In the first few years of the war, there were few strikes. Most workers “consent[ed] to longer working hours, relaxing work rules, and striving to increase production”. But this compliance did not last long and once more there was a rise in strikes by labor and lockouts by management.  Many of the labor organizations in fact became defiant of President Roosevelt’s requests.  In response, the industry involving the mining of bituminous coal stopped work. In response to this act of defiance, Congress passed legislation referred to as the War Labor Disputes Act. Interestingly, President Roosevelt attempted to veto this piece of legislation.  “The legislation provided for imprisonment of up to one year and a fine of up to $5,000 for a strike or lockout undertaken in an industry the president seized or operated pursuant to his war powers”.                

The unions at the end of the first half of the twentieth century “had become dependent on the government and the Democratic party” (Nelson 84).  Unfortunately, the public persona of the unions became one of greed, and there was a growing number of citizens who thought unions had too much power.

Related Research Paper Topics

Labor Market - Labor Market research papers look into the labor market that is defined as the local or national market in which workers find paying work, employers find workers, and wages are determined.

Capitalism and the Worker - This research paper topic will argue that there is an inherent disjunction between the interests of labor and owners in capitalistic systems.

American Federation of Labor - American Federation of Labor essays delve into a brief history from the organization’s foundation through its merger with the Congress of Industrial Organizations.

Collective Bargaining - Collective Bargaining research papers analyze the negotiations between employers and workers to reach an agreement regarding working conditions.

Right to Work - Right to Work research papers examine one of the basic human freedoms outlined by the United Nations’ Universal Declaration of Human Rights, first issued in 1948.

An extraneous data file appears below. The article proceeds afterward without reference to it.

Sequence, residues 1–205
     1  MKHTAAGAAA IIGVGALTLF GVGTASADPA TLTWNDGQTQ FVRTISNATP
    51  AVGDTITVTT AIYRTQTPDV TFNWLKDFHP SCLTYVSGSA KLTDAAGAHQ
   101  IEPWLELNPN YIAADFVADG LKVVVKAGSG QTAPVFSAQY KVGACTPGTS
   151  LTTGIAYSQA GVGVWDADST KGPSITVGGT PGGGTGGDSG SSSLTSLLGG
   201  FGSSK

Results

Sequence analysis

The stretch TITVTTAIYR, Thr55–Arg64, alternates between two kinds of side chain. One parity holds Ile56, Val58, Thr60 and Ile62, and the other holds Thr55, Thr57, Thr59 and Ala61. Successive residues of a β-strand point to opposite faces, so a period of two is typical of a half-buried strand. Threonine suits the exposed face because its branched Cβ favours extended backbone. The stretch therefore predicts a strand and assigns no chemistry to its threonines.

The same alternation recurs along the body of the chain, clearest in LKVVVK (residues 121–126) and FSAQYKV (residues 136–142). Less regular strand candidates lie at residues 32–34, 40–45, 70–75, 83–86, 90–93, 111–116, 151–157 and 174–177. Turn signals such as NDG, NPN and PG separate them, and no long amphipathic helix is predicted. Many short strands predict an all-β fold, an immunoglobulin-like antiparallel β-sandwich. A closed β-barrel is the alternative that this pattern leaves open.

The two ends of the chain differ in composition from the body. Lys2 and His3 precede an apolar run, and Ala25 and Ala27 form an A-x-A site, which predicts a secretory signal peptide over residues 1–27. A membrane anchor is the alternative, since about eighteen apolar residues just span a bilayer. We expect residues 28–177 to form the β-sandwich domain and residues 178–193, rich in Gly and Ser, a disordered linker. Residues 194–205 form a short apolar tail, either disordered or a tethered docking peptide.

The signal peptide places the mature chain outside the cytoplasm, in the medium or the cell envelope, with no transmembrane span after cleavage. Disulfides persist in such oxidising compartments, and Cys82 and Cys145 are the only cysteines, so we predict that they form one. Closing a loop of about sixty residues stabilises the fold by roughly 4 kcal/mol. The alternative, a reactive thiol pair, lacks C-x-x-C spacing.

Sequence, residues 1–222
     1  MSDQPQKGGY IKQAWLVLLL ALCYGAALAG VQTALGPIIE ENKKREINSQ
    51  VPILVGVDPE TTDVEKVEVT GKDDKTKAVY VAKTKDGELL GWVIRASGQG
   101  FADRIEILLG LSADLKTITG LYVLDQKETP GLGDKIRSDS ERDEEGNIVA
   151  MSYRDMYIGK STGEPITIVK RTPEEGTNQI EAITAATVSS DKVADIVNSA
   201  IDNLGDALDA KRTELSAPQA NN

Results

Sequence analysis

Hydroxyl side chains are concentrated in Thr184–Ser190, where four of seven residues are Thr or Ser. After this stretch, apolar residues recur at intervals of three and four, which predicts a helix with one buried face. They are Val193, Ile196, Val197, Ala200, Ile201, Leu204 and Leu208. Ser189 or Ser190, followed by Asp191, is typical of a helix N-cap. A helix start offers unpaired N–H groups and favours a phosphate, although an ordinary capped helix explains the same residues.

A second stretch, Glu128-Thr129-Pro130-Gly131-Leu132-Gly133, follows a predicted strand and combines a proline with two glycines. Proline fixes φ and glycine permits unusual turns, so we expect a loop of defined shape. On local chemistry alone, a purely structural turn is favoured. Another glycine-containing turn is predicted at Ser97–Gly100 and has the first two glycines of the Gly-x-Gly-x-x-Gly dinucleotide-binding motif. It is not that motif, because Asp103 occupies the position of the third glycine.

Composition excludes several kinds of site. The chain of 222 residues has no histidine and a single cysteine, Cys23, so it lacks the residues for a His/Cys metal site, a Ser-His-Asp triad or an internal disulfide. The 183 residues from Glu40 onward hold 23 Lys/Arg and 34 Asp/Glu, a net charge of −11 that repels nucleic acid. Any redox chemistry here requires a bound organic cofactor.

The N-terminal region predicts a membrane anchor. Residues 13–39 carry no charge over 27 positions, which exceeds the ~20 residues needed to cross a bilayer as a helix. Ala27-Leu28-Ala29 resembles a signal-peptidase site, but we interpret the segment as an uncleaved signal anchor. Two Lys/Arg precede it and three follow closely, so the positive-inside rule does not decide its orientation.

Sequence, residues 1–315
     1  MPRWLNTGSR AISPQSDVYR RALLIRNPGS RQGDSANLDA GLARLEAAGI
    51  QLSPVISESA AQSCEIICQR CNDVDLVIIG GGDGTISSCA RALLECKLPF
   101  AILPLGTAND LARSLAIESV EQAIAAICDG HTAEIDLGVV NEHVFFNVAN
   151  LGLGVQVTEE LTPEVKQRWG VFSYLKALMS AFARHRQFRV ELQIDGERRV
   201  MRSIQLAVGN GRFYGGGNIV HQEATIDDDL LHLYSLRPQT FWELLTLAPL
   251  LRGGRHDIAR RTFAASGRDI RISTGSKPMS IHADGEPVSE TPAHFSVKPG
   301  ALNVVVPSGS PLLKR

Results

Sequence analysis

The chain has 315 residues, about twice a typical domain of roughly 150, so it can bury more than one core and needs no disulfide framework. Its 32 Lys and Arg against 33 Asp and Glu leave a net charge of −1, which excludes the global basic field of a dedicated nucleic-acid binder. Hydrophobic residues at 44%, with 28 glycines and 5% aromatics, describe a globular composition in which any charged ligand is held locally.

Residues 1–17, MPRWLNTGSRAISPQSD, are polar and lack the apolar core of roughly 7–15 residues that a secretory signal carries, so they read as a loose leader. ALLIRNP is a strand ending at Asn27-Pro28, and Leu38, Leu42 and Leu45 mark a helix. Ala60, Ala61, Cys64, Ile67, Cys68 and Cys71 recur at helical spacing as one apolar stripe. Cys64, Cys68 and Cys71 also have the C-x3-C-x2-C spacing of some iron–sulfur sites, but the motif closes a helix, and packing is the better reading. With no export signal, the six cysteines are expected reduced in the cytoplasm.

Paterson Silk Strike of 1913 research papers account for one of the most startling labor movements during the industrialization.

History of Labor Day - Accordingly, the American labor force is accredited with improved working conditions.

Stamp Act research papers examine the British Government's tax requiring all printed material in the colonies to be produced on specific paper.

Collective Bargaining Union - Collective Bargaining Union research papers discuss the history of collective bargaining in unions.

Union–Free Organizations - Union-Free Organizations Research Papers look at an example of a paper order placed on labor unions, and why some organizations prefer to be union-free.

Legal Policy and Women - Legal Policy and Women research papers dicuss the history of the relationship between women and the law in the United States.

Cheap Labor Debate research papers explore both sides of the cheap labor debate.

Social Justice research papers discuss the human thought that individuals should be accorded equal access to opportunities and privileges within a society.

Capitalism and Slavery - According to Capitalism and Slavery, the real root of slavery was economics.

Labor/Employee Relations Research Papers look at a preview of a sample of a paper on Human Resource Management.

Child Labor research papers cover criminal justice topics in the use of child labor throughout the world. Order a research paper on Child Labor from Paper Masters.

Sweatshops Research Papers discuss the issue of sweatshops and outsourcing as it pertains to the fashion industry.

Division of Labor research papers discuss the labor strategy, employed during the early development of the Industrial Revolution, where individuals perform specific tasks and take on various roles.

Capital and Labor According to Marx research papers focus on the philosophy of Karl Marx in relation to the proletariat and the bourgeoisie.

Employment Discrimination laws protect employees and keep employers in line when opportunities such as promotions, pay increases, career advancement and basic hiring opportunities become available.